A question about necks

Discussion in 'Basses [BG]' started by RaijohAUlik, Dec 4, 2001.

  1. This is probably a really stupid question, but since I'm a Bass Goat, I have questions, and since I can't get in touch with many bassists easily, and the only one I can get in touch with is now a guitarist and I know more about his bass than he does, so, to be blunt, I need help.

    I love the fretless sound, I mean, I love it alot. But I've only been playing bass seriously for a couple of months. I bought a used bass, I think it's a Spector NS-2000Q4, but the guy I got it from (another bassist, of course, but I hardly see him anymore) didn't give many much information about it, so it's a guess.

    Now, I pose you, the General TalkBass Public, after my long-winded, verbose speech, two questions:

    1) Should I play fretted until I get really good at it, and get a fretless when I feel ready for it?

    2) If I should start playing fretless now, would it be possible and feasable to get a new bolt-on fretless neck from Spector and modify it like that?

    Actually, I pose yet another question:

    3) Am I a complete idiot? :(
  2. hyperlitem

    hyperlitem Guest

    Jul 25, 2001
    Indianapolis, IN
    dunno fretless seams like a pretty big endevor right now to me. I guess i would probably learn the bass for a few more years than u have. Ive played bass for about 5 years and i still dont think i'm advanced enough to nail notes by ear that fast yet. But on the other hand i guess ive never had a big drive to play fretless. Well if u have a bunch of money to smack down for a new fretless its up to u, but its seems pretty hard at this point to me.
  3. Oysterman


    Mar 30, 2000
    You get a fretless if and when you want to get a fretless. You don't need superior technique to play a fretless, but rather a good ear (which you can from other musical experiences, and not necessarily from fretted basses) and PATIENCE.
    Don't think so. A decent fretless, such as the Mexican Fenders or Yamaha BBN4F shouldn't cost you a fortune, though.
    Why do you ask that?
  4. Hehe, I'm laughing a lot right now. Thanks for your input, both of you.

    Your answer to number 1 was what this post would be about, because I realised as I was about to load up my favorite game:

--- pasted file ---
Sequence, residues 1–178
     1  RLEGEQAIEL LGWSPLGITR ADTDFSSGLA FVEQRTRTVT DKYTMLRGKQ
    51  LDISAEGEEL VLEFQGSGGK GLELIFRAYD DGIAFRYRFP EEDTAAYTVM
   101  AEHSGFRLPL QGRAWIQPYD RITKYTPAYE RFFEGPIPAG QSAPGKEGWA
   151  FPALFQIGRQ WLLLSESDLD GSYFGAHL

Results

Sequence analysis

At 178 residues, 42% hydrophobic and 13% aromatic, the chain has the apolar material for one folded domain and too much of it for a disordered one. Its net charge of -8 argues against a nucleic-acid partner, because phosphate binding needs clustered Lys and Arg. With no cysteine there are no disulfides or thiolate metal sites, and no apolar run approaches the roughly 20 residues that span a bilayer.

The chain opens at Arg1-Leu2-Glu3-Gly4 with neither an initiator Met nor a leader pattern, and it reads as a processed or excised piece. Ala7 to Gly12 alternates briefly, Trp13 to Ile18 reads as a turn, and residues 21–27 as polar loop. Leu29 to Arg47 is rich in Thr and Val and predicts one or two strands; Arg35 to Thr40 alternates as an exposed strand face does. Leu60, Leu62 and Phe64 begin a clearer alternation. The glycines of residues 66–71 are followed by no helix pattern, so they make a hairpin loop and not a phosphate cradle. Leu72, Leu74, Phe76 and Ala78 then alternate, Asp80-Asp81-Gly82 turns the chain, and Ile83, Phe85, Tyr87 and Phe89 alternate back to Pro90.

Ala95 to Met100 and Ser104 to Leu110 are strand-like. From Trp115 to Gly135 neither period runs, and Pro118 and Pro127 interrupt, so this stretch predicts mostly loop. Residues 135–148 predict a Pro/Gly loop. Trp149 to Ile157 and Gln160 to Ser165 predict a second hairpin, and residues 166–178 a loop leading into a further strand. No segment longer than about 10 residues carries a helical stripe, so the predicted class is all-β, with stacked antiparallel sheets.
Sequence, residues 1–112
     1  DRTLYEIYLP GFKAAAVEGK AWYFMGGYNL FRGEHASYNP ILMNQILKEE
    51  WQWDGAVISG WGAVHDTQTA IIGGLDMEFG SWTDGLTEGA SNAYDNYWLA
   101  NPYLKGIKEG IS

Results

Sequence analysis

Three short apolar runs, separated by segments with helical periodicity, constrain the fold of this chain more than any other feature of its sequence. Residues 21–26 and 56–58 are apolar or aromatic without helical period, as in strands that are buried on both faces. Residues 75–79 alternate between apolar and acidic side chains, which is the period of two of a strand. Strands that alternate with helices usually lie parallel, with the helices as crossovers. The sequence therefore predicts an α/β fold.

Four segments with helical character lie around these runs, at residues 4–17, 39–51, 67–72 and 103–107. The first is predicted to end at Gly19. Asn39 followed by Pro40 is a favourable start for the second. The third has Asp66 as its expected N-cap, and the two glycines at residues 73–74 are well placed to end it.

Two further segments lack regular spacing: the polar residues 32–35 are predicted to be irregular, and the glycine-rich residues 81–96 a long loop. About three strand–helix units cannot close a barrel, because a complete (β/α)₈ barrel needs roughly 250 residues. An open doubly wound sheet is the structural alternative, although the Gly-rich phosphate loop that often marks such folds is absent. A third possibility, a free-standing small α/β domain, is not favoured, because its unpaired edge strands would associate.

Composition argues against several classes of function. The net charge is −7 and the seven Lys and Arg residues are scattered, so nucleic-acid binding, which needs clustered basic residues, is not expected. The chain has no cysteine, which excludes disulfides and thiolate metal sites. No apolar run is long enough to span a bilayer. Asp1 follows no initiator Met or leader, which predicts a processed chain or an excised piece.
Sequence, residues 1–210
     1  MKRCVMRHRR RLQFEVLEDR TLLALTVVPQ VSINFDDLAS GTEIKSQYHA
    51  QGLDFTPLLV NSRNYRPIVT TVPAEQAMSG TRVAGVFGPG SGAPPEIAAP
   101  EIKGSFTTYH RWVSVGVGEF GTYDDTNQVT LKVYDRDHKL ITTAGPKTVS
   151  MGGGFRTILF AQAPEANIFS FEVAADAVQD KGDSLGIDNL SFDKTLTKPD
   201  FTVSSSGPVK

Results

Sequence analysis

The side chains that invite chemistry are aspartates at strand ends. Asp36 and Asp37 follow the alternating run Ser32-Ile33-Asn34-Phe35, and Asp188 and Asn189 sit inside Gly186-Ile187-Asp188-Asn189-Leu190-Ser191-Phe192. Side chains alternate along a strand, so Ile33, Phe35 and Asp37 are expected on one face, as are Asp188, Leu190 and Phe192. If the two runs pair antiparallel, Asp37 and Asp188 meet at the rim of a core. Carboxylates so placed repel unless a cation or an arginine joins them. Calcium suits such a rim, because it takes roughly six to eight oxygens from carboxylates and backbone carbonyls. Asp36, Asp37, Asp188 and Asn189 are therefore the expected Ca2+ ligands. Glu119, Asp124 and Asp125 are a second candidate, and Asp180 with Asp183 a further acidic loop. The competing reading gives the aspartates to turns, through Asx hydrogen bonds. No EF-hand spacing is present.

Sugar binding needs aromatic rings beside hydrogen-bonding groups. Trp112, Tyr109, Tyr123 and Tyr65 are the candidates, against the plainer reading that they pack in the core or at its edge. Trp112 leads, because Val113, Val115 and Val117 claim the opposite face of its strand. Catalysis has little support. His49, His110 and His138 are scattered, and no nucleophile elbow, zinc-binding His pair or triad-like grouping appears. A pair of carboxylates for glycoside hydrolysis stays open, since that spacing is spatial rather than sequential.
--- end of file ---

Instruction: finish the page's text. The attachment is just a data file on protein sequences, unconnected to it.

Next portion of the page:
"Hey, I've played Piano and Trumpet for about 5 years combined...maybe I should tell the boys that..."

    Heh, funny stuff. :D
  5. JMX

    JMX Vorsprung durch Technik

    Sep 4, 2000
    Cologne, Germany
    You'll never feel ready.
    If you like fretless, jump in head-first.
  6. ldiezman


    Jul 11, 2001
    yeah you don't have to be superior on a fretted bass to play a fretless. I know a guy here how can play the mess out of a fretless.. but on a fretted bass.. i have him beat.. its wierd.. i thought it would be the other way around... two different beasts
  7. petch

    petch Gold Supporting Member

    Mar 25, 2001
    Medina, Ohio
    Life is short; do whatever moves you...
    Fretless? Why not!
  8. lo-end


    Jun 15, 2001
    Theres no reason why you would need to start on a fretted bass first. After all, double basses are fretless, and us bassists have been playing those things for a lot longer than fretted basses. :cool:
  9. embellisher

    embellisher Holy Ghost filled Bass Player Supporting Member

    I agree 100%. If you like fretless, go for it. But be careful. Once you turn to the dark side, forever will it control your destiny!:D
  10. Suburban


    Jan 15, 2001
    lower mid Sweden
    No. You should play fretless FIRST and MOST, and use the fretted only when you are forced to. Because on a fretless you can't avoid learning all the hard stuff, while playing fretless makes your ear and hands sloppy and inaccurrate (in relation to the accuracy needed without them bars).
    Yes, I think so. Unless you want one of each (which you will, if only for the fun of it).
    Complete...no, you admit your mistake and try to correct it...:D ...that is not the acts of an idiot.
  11. Chasarms

    Chasarms Casual Observer

    May 24, 2001
    Saint Louis, MO USA
    I never heard of anyone mastering a fretted violin or chello before moving to a fretless version.

    Fretless playing is a different technique and requires the development of different skills. Whether you have been playing 20 years or 20 minutes, you going to have to work to develop them before you can be a good fretless player.

    So there is no real advantage in my opinion to starting with one and moving to another. I see the same is starting on a five string instead of a four. You whole technique ends up being built around whatever instrument you have.

  12. john turner

    john turner You don't want to do that. Trust me. Staff Member

    Mar 14, 2000
    atlanta ga
    not at all. welcome to talkbass. :)
  13. I love you guys. Thanks for all your input, I really appreciate it because I can't get in touch with bassists easy, in real life, of course.

    You've really helped me out.

    In gaming, we'd say, "j00 r0xx0r my b0x0rz."

    ...don't ask.
  14. John Davis

    John Davis Guest

    Mar 27, 2001
    Houston, Texas
    My first bass was a fretless, so dive in if you want to! (I know, I know, a bad upright reference)
  15. Intrepid


    Oct 15, 2001
    haha he speaks l337...yeah I play games too...I use to play cello and I actually learned with tape and actually memorized the position instead of going by ear...evey though you could tell when you were off mark and you could adjust...